Few instruments would seem as ill-suited as clarinet, with its fragile tone and fussy fingering, to the raucous, high-volume climate of the 1960s avant-garde. Yet Perry Robinson cut out a niche for himself in that heady period playing with the likes of Archie Shepp and Carla Bley. That some four decades later he still has the chops to keep pace with a new generation of progressives is evident as he steps forward in a feature role with bassist, composer, and impresario William Parker. The trio session -- the ensemble filled out by drummer Walter Perkins -- offers plenty of room for unfettered blowing, and each member takes full advantage of the format. Robinson has a stiletto tone that if it evokes any other licorice sticker it would be iconoclast Pee Wee Russell. Parker has a rich sound that resonates from the finest grain of his acoustic bass. And Walter Perkins proves to be exactly the flexible groovemaster needed for a date that ranges from free blowouts to the traditional blues of "Blue Flower." The full resources of the trio are explored most fully on "Fence in the Snow," which opens with delicate bells and has, before it ends, each member stretching his capabilities to the point of shouts and sonic explosions. The second disc finds the trio playing off the response of a highly sympathetic audience.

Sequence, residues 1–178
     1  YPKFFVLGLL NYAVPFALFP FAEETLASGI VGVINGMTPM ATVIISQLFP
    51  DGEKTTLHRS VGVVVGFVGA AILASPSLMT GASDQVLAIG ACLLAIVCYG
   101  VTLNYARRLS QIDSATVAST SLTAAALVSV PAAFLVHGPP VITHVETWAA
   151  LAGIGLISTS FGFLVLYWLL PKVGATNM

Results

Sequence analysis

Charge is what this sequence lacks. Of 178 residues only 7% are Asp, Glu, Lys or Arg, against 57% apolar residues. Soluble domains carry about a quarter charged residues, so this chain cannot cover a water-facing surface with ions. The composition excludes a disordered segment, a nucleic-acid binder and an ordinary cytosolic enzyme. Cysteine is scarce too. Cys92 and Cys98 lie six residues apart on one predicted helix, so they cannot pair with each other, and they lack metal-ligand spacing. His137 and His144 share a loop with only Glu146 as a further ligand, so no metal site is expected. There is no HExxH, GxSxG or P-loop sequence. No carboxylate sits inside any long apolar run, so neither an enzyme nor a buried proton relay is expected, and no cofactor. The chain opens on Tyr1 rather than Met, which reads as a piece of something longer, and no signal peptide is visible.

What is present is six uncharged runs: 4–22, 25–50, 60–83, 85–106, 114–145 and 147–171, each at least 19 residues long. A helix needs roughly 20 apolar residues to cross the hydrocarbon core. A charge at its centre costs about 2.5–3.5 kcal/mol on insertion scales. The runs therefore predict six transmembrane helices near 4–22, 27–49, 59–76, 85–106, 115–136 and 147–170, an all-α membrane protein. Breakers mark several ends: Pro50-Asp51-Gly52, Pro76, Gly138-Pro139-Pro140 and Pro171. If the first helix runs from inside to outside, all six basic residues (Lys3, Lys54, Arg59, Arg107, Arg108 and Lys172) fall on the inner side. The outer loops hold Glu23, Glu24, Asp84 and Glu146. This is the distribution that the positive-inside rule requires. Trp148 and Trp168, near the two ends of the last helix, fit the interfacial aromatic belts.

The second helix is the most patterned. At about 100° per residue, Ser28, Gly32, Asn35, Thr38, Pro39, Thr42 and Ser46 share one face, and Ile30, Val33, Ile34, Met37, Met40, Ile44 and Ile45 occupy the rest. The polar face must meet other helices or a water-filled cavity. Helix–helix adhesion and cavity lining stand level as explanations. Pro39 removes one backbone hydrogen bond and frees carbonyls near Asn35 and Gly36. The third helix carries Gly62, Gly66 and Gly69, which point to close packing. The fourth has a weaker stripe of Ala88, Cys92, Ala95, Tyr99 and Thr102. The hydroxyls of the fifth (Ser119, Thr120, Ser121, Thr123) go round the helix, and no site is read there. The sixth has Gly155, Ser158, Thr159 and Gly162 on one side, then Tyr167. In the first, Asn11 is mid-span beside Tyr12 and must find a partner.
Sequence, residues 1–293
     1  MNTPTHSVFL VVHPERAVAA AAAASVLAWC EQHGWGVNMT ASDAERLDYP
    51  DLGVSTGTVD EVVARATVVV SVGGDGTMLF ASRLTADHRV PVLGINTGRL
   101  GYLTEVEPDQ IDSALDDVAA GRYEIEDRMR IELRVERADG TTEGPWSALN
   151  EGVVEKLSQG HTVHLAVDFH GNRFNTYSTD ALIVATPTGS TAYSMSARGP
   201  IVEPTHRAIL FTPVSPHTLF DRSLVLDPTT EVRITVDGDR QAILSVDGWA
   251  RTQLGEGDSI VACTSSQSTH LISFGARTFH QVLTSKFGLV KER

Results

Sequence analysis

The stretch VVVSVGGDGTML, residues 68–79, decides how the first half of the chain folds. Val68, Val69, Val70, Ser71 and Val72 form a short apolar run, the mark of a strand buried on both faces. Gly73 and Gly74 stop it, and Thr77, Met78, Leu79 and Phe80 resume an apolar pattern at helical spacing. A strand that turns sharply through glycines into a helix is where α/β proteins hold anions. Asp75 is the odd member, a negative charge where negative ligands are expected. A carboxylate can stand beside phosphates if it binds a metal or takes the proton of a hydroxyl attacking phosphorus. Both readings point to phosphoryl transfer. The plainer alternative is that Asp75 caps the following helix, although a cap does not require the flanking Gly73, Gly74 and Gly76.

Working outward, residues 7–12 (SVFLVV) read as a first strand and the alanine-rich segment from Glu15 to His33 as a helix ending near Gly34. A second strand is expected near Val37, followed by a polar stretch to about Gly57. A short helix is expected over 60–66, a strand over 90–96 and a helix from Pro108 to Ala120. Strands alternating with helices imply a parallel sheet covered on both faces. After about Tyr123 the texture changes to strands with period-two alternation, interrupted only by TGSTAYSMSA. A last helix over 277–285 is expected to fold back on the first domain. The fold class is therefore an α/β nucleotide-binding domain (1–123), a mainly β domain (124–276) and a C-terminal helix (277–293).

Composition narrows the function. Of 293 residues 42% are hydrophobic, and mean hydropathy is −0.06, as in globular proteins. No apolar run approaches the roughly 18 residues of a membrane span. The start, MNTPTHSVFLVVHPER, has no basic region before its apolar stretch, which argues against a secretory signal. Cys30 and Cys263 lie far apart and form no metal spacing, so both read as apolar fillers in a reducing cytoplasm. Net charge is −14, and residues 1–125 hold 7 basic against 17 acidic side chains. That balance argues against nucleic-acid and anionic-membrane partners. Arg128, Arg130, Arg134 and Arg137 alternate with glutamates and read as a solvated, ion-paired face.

AllMusic Review by David Dupont
Track Listing - Disc 1
Track Listing - Disc 2